My advice would be to push back. Have a chat with your boss, make sure you explain that you're not making it formal right now, but will if it continues. Loop your boss in (cc) on anything that comes from this person, and save every email relating to the the delivery performance.

It genuinely sounds like they are setting up a scapegoat, so cover your proverbial arse.

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It seems to me the best approach you can do is to update your CV and start looking.

If the delivery manager has the power to replace people because the project was not delivered on time, and this has happened in the past, it is very hard to justify why it will not happen in the future.

What is more, you mentioned that you were just a 'pawn' which implies that you have very limited power in the project to makke it go smoothly. If the project manager was sacked in the previous attempt, is very likely that the same process will be repeated.

Of course, this is only about what are your option from my point of view, and I am not addressing the issue that such behaviour from the manager is completely unprofessional, and in case you are not let go at the end of the project, maybe it would still worth to look elsewhere so you can get rid of such toxic managers.

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    This disregards the possibility the SDM is just mouthing off and stepping way out of line. Don't throw in the towel unless you understand what's going on. – Hilmar Feb 11 at 15:52
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That sounds like a toxic and unhealthy work environment.

I doubt that anything good will happen even if you report that to HR or your boss. They already have you linked to a failed project and are monitoring your performance. So even if you raise the issue, it will only look like self protecting and offers HR the opportunity to side with the managers.

So, I would just keep me head down, polish my CV and start looking for another job before the new project ends.

  • Agreed totally. Go work somewhere else. – Fattie Feb 11 at 17:00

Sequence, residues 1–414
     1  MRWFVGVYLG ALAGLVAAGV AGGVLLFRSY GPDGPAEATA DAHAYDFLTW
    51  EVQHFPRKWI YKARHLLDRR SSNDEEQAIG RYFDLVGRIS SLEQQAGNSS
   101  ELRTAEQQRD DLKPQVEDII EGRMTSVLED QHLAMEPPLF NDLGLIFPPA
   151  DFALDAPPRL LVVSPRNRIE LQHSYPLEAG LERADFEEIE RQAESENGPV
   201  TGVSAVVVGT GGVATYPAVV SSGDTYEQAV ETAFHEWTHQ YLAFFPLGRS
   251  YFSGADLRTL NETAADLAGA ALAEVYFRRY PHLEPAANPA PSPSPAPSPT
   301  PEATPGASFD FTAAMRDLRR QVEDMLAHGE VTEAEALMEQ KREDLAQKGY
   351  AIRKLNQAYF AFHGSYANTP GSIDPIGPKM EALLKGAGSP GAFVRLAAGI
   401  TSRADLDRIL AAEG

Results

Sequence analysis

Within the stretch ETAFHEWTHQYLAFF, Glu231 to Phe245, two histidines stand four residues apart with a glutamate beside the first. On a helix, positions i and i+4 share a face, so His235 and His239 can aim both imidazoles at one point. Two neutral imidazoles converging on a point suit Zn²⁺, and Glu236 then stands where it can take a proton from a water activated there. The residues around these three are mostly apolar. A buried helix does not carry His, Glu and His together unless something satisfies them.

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"my job was at risk if this doesn't go well" Are they allowed to say this to me?

Legally? I am not that familiar with UK employment laws. But in most countries in the world "If you don't perform well you will be fired" is a very common threat. The question is if it's a threat they can actually follow through with. That depends on how your company is organized and what kind of protection you have from wrongful dismissal.

According to company policy? We don't know your company policy, but considering that they fired the last project manager for not finishing a project on time implies that the company does have a "succeed or get fired" mentality.

Is it smart business practice to operate that way? Usually not. While fear can motivate people in the short term, it generates a high stress level in the long term which affects employment performance negatively. Industries which rely on low-skilled labor can afford a "hire and fire" mode of operation where they hire people, burn them out and then replace them. But it rarely works in IT where you have highly skilled employees where both acquision and onboarding are long and costly processes. It also creates a culture where people hide their mistakes or try to blame others for them instead of one where people admit their mistakes and cooperate on finding solutions. This culture negatively affects the quality of the companies output and endangers the customers.